Young gen­er­a­tion must lead the way

Lesotho Times - - Leader -

The groundswell of out­rage, across the political di­vide, over the M32 mil­lion govern­ment bailout for Mem­bers of Par­lia­ment (MPS) is a heart­en­ing de­vel­op­ment in our democ­racy.

As re­ported else­where in this edi­tion, the youth leagues of var­i­ous con­tend­ing political par­ties have co­a­lesced around the de­mand for MPS to pay back the money. They have also called for the abo­li­tion of the M500 000 in­ter­est-free loans fa­cil­ity for leg­is­la­tors.

Le­sotho Congress for Democ­racy Youth League spokesper­son, Theko Tle­bere, rightly noted that the is­sue went be­yond political af­fil­i­a­tions and was about the proper use of tax­pay­ers’ money. For the tax­pay­ers oil­ing govern­ment op­er­a­tions, M500 000 might as well be a sum from an­other planet, as they are barely paid enough to keep body and soul to­gether.

Those lucky enough to be em­ployed, es­pe­cially in the tex­tile sec­tor, take home just around M1 000 from which rent, trans­port, school fees, food, elec­tric­ity etc. are sup­posed to em­anate.

Given the im­mense poverty the ma­jor­ity in this coun­try are grap­pling with, M32 mil­lion is an ob­scene amount for set­tling per­sonal loans. The out­rage is cer­tainly well placed con­sid­er­ing that the MPS are sup­posed to be the peo­ple’s rep­re­sen­ta­tives.

even if they ware un­der the au­thor­ity of their party lead­ers, the youth leagues are ul­ti­mately ac­count­able to the peo­ple, es­pe­cially their age mates who wal­low in de­spon­dency as op­por­tu­ni­ties re­main elu­sive. In the in­ter­est of the peo­ple they serve, young peo­ple should de­vi­ate from the party hymn sheet and call a spade a spade.

The MPS across the political di­vide were clearly greedy in de­mand­ing and ac­cept­ing bailout for per­sonal loans from the state. What do they ex­pect stu­dents who are sup­posed to pay back the Na­tional Man­power De­vel­op­ment Sec­re­tar­iat loan bur­saries to do af­ter see­ing their el­ders get away with mur­der?

Ba­sotho Na­tional Party Youth League Sec­re­tary, Joseph Le­tooane, hit the nail on the prover­bial head when he said: “The de­ci­sion to bail out the MPS gives the im­pres­sion to the pub­lic that pol­i­tics is about the en­rich­ment of a se­lect few crooks and not the de­vel­op­ment of the coun­try and its peo­ple.”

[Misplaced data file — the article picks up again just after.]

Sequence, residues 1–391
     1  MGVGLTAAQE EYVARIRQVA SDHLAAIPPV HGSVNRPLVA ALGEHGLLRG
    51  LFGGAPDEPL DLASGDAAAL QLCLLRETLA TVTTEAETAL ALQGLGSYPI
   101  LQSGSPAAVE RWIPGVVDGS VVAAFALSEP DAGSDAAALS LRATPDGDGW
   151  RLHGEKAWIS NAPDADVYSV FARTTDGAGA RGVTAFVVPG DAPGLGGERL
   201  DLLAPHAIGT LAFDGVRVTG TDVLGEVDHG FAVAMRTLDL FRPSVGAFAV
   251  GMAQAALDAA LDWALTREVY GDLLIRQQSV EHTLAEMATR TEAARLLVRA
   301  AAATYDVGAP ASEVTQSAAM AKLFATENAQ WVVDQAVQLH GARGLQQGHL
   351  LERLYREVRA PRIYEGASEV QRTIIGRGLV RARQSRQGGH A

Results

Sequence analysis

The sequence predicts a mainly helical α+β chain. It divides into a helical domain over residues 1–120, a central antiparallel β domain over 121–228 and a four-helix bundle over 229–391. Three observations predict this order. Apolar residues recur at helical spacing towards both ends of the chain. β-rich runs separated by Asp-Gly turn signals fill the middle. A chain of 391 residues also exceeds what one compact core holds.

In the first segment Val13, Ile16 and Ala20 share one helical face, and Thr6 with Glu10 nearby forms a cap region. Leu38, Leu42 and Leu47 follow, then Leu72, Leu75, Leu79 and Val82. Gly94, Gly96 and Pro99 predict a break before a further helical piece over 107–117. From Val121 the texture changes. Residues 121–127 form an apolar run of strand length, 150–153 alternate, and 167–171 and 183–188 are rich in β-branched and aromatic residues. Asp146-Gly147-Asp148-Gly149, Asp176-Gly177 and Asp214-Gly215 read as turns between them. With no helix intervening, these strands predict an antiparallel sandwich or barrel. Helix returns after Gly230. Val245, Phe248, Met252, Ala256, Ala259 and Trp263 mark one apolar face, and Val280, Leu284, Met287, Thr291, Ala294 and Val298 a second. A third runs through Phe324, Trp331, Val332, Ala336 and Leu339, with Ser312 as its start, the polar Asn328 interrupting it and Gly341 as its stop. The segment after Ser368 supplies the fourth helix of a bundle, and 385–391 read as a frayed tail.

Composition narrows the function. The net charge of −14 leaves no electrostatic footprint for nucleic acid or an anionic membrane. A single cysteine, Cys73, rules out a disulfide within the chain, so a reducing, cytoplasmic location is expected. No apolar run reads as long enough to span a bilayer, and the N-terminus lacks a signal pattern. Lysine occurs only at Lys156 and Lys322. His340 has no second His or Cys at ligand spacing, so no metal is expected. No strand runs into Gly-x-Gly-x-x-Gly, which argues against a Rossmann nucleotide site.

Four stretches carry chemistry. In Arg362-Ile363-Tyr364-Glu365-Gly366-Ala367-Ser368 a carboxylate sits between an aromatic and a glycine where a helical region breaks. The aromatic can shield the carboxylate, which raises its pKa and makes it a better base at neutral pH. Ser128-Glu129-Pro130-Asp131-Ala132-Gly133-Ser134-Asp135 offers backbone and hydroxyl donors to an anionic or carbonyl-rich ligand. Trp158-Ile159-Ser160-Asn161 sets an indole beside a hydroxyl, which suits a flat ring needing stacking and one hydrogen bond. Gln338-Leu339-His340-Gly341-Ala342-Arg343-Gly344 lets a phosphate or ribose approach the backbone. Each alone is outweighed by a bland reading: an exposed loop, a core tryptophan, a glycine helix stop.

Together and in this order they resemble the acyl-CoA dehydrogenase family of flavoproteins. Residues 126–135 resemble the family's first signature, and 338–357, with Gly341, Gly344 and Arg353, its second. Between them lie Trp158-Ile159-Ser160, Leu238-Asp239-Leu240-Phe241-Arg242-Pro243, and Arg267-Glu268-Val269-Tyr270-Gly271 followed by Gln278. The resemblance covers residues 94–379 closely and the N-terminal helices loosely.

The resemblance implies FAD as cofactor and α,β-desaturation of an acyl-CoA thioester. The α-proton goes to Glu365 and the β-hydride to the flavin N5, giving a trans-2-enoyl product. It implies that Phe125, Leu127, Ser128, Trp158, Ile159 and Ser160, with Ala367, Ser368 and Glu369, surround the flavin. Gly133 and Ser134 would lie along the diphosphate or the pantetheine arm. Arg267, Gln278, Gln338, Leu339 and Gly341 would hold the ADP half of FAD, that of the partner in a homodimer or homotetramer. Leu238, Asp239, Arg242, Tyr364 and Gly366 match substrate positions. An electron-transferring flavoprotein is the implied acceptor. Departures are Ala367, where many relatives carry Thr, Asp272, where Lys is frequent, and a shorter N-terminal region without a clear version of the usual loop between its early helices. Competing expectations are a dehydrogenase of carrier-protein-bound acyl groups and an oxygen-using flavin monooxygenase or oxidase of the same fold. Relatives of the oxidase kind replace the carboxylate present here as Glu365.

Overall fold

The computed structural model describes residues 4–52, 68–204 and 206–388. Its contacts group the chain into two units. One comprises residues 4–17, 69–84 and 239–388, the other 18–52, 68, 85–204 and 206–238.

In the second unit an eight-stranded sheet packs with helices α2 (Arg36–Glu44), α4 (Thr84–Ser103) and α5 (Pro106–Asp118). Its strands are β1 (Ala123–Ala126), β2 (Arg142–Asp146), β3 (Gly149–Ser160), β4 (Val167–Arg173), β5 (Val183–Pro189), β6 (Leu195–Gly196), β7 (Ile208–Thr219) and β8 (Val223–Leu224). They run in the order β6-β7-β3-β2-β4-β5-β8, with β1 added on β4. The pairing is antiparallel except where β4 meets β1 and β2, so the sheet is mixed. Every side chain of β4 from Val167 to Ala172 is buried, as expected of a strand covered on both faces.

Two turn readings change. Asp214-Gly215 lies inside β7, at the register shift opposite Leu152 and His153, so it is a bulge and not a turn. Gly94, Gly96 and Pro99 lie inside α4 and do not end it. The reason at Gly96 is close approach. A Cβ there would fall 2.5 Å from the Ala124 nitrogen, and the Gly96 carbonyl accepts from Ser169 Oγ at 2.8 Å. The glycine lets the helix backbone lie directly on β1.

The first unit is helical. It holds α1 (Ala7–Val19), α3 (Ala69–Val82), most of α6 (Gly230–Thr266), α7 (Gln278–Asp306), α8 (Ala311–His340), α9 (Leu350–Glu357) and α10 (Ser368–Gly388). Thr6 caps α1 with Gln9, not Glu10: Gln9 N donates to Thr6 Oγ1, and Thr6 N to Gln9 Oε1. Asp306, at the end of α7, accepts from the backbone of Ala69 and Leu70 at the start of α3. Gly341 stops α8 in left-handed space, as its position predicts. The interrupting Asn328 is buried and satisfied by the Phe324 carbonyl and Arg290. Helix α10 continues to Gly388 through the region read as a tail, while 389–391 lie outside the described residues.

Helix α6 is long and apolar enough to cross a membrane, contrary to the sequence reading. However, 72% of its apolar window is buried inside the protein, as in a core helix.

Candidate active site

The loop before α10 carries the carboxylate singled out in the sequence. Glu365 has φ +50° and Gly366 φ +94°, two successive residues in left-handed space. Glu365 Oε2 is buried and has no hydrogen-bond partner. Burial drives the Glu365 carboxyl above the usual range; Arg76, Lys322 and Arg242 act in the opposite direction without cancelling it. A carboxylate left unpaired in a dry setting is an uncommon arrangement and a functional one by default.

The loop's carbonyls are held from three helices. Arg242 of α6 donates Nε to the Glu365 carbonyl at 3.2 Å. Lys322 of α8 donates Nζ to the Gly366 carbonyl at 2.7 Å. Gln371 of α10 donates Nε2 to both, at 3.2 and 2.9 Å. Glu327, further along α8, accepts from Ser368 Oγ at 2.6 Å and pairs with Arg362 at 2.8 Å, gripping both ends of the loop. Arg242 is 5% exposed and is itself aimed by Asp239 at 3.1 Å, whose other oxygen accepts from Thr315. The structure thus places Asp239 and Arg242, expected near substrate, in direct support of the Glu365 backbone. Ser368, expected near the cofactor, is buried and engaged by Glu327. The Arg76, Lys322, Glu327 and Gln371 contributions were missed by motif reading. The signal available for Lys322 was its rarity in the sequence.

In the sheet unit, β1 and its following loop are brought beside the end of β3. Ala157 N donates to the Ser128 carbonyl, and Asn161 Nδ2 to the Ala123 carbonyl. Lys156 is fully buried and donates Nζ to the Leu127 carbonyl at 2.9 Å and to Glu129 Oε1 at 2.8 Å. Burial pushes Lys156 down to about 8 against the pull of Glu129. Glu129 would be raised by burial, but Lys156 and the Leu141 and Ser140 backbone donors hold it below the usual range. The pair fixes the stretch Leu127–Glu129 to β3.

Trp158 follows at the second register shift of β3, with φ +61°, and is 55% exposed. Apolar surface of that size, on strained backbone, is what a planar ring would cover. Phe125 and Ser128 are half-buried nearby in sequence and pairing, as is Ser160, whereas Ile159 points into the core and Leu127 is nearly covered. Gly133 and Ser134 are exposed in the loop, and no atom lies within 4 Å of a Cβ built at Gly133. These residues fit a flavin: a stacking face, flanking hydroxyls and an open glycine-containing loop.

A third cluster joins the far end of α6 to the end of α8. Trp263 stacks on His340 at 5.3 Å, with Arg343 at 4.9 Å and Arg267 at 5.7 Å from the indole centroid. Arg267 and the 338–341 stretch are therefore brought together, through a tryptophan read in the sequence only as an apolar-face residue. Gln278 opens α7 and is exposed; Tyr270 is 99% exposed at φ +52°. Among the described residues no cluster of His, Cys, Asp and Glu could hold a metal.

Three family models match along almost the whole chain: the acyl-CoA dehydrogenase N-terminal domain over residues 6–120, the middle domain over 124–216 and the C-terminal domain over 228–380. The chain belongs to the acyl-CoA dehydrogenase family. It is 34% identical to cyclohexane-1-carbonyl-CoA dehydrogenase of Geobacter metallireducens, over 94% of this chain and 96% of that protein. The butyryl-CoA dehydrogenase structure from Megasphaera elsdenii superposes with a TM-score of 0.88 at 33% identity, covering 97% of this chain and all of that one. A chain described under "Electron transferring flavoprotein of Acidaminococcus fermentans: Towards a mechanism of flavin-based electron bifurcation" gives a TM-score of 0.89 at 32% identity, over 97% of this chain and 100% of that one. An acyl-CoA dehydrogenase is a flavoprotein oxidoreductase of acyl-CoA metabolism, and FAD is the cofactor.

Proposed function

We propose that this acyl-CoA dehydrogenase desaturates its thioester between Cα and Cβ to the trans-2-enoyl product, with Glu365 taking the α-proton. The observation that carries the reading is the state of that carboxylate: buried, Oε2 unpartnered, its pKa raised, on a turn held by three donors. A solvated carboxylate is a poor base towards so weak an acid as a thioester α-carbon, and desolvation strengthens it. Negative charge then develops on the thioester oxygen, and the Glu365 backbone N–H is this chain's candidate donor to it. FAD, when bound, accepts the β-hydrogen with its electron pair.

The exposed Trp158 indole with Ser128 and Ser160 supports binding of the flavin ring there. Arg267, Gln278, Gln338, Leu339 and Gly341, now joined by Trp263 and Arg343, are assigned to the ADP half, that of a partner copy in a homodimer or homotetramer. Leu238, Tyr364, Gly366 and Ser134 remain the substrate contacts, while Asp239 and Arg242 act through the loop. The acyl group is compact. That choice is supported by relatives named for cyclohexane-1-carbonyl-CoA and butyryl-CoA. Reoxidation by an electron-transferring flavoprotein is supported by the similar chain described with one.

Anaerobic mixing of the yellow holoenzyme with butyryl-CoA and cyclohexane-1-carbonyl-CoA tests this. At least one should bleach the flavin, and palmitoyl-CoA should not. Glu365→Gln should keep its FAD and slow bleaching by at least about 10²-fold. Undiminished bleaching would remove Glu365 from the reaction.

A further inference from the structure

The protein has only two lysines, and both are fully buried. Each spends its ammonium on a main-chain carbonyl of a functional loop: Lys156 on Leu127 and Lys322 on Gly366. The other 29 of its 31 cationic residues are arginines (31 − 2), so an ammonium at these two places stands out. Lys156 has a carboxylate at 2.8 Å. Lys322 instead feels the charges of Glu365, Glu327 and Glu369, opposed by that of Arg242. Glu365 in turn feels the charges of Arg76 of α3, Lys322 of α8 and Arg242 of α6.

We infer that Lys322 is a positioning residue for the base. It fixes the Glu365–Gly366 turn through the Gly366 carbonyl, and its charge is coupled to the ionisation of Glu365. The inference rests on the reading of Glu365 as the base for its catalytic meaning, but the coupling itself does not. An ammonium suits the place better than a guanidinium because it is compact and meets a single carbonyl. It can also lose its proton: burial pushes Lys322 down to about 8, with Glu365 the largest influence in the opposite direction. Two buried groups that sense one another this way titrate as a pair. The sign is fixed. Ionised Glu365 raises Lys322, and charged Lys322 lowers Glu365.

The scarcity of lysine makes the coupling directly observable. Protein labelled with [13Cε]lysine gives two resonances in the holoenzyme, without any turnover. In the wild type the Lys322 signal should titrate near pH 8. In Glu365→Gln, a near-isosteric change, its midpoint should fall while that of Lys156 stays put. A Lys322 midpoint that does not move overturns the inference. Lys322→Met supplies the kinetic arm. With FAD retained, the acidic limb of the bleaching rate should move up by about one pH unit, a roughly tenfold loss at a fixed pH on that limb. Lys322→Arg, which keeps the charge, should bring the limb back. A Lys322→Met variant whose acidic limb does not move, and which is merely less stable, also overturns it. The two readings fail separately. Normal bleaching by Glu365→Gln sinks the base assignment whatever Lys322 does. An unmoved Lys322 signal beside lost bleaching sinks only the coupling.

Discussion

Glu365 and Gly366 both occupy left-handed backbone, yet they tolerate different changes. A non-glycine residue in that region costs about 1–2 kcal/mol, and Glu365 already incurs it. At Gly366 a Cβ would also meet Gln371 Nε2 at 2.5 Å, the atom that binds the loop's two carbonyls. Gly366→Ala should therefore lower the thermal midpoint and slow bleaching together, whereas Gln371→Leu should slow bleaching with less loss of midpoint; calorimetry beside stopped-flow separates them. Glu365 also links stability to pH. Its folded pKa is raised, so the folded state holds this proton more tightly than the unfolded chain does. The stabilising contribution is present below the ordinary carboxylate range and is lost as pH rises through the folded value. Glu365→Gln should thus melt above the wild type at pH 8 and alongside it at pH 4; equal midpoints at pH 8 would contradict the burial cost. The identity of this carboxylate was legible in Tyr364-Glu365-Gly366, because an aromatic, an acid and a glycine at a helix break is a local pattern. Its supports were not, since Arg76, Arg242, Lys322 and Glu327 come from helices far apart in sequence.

In­deed with a leg­is­la­ture bent on lin­ing its pock­ets at the ex­pense of the pop­u­lace, con­fi­dence in state in­sti­tu­tions will con­tinue to plum­met.

Ac­count­abil­ity is a nec­es­sary con­di­tion for the de­vel­op­ment of a healthy and ef­fec­tive democ­racy. It is cer­tainly clear from the MPS’ con­duct that it is sorely lack­ing in the au­gust house.

No won­der Le­sotho has sig­nif­i­cantly lagged be­hind the rest of Africa in terms of eco­nomic trans­for­ma­tion. In­stead of chart­ing a course to­wards bet­ter­ing the for­tunes of most Ba­sotho blighted with poverty and dis­ease, the leg­is­la­tors were busy se­cur­ing their own in­ter­ests. Par­lia­ment is sup­posed to hold the ex­ec­u­tive to ac­count by ques­tion­ing and chal­leng­ing its poli­cies and ac­tions.

Amid the dis­ap­point­ment over the MPS’ con­duct, we can take so­lace in the knowl­edge that young peo­ple across the political di­vide are re­al­iz­ing that Le­sotho’s fu­ture is be­ing jeop­ar­dized by a cul­ture of en­ti­tle­ment which is not backed up by de­liv­ery.

As a na­tion, we can­not go on like this. It has many ef­fects, all of them neg­a­tive. Peo­ple sit on their back­sides, wait­ing for govern­ment to pro­vide while oth­ers jos­tle for po­si­tions to get on the gravy train.

As the big­gest de­mo­graphic group, young peo­ple need to par­tic­i­pate in de­ci­sion-mak­ing pro­cesses, es­pe­cially on is­sues af­fect­ing their lives. This can only be achieved by the youths de­mand­ing ac­count­abil­ity from their lead­ers and not re­main­ing in the side­lines.

Democ­racy needs strong and sus­tain­able political par­ties with the ca­pac­ity to rep­re­sent cit­i­zens and pro­vide pol­icy choices that demon­strate their abil­ity to gov­ern for the pub­lic good. Young peo­ple are in­vari­ably the most pro­gres­sive mem­bers of so­ci­ety and have a unique role to play in en­hanc­ing the pro­file and per­for­mance of political par­ties.

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